This is easily possible in AccelOps since all aspects of a device are monitored. All the user needs to do is to discover the device and set up monitoring. Then the basic system level CPU/memory/disk space/disk I/O/network interface utilization, the top applications consuming most resources on that server as well as the changes made on that server are all available within 1 click. The information is also kept up to date on a periodic basis.

#10. I would like to create reports in PDF format with nice charts that I can show to my manager. I would also like to customized various dashboards. My current SIEM cannot do this.

AccelOps supports the exporting of real-time, historic and saved search results / reports in both PDF and CSV formats. The PDF reports contains multiple colored trend charts and can be customized with customer logos and custom notes. The CSV format can be exported directly into spreadsheet products or can be used to feed to other applications easily. Furthermore, saved reports are available as templates that can be used as dashboard widgets – enabling fully customized dashboards.

Please see the sample PDF and CSV files.

top-fw-report login-failed-report login-failed-report as CSV

#11. We like seeing a topology map, but the topology supplied with our current SIEM product is inflexible to the point of being largely useless. My manager tells me that the topology diagrams look like “ball of yarn”. Do you have a better solution?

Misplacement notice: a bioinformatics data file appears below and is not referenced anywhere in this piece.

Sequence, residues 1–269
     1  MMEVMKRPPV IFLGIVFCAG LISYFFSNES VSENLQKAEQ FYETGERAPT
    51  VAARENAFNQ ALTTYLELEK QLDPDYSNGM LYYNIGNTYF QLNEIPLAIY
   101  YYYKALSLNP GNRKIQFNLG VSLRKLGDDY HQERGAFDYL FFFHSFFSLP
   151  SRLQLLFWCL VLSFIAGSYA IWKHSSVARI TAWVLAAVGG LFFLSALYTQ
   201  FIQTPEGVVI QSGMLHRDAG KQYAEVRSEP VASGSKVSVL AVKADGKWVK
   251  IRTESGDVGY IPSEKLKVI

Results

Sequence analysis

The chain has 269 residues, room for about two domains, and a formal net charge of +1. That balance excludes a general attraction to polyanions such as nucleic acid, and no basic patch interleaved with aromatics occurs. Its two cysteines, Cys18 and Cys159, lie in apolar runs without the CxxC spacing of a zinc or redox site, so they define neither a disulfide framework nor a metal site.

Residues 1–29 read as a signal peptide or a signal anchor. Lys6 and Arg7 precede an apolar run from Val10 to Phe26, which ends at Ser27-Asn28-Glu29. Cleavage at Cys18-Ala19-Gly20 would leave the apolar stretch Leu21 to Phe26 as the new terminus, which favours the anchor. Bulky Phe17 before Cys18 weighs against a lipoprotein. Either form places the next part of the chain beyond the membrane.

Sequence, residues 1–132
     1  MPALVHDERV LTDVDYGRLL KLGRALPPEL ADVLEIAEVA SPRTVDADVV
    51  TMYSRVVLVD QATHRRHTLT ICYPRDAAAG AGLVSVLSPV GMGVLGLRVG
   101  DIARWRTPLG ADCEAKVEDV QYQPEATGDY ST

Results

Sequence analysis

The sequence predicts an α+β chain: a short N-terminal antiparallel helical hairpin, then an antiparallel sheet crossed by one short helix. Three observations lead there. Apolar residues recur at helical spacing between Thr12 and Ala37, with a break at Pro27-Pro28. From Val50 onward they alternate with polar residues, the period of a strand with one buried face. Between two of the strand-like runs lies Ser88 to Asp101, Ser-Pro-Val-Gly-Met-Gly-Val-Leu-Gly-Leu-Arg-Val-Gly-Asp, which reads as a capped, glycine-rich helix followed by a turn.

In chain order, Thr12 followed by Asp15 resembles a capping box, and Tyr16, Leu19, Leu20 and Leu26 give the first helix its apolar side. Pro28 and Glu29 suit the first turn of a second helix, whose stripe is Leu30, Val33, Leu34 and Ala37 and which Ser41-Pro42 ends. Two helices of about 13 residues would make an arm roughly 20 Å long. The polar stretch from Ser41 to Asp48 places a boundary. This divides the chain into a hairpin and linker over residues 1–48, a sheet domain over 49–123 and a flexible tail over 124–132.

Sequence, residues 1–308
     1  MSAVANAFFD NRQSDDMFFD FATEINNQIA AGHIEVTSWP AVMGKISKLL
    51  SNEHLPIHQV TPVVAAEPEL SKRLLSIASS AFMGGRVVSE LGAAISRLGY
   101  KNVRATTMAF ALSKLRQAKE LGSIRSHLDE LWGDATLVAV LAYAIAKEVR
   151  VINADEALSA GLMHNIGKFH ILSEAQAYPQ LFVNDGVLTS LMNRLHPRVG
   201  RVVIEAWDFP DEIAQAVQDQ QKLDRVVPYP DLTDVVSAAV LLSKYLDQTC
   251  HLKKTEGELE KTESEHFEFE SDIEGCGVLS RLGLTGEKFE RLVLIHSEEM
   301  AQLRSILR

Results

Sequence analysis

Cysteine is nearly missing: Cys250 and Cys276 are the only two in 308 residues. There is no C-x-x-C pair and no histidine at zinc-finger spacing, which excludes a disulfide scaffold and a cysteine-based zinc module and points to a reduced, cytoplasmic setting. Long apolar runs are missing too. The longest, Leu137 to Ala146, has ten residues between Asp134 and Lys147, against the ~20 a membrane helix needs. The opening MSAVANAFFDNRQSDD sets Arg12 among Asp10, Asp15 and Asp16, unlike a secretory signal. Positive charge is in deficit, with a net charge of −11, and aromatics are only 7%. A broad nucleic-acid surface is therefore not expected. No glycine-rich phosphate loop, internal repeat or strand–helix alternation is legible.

AccelOps’ user interface is built using a Web 2.0, Adobe Flex RIA (Rich Internet Application) framework. This framework allows us to present a more engaging desktop application experience, while still running within any browser, and offering universal anytime, anywhere accessibility.

This more flexible user-interface technology allows AccelOps to generate more dynamic, up-to-date layer 3 and 2 network topology maps with interactive alerts, service overlays, filters and drill-through details.

See more information about our topology map feature here

#12. How flexible is your reporting framework? How many system reports do you ship with the product? Can I issue a simple Google-like search to find keywords in order to perform root cause analysis?

AccelOps features an advanced SQL-like search and cross-correlation engine with multiple patterns and advanced filtering and aggregation capabilities that can be computed in a distributed manner. This enables support of IT infrastructure, availability, performance, change and security scenarios, as well as allowing compliance requirements to be handled in a unified manner.

AccelOps ships with more than 850 (and growing) of built-in and extensible reports spanning availability, performance, security and change management, as well as compliance and inventory.

We support simple keyword Google-like searches with operators such as AND, NOT, etc, and also feature the capability of searching through real-time event data using either structured (condition-based), or simple keyword queries

#13. What is your database architecture and how scalable is it? Do I need to worry about purging and other issues? Can I add more storage capacity to the system as I expand my data centers? How good is the system performance when you have millions of events coming in and are performing queries on the data simultaneously?

AccelOps uses a hybrid database, storing events in indexed flat-files, and storing device configuration in an embedded commercial relational database (PostgreSQL). AccelOps has a patent-pending, multi-tiered, clustered architecture, where computing and storage can be seamlessly added to the cluster to increase performance and event storage capacity. This combination of proprietary database and parallel processing gives AccelOps the dual advantage of unlimited low cost storage and high event analysis performance that other monitoring solutions strive for.

Sign up for a 14 day free trial and see it by yourself.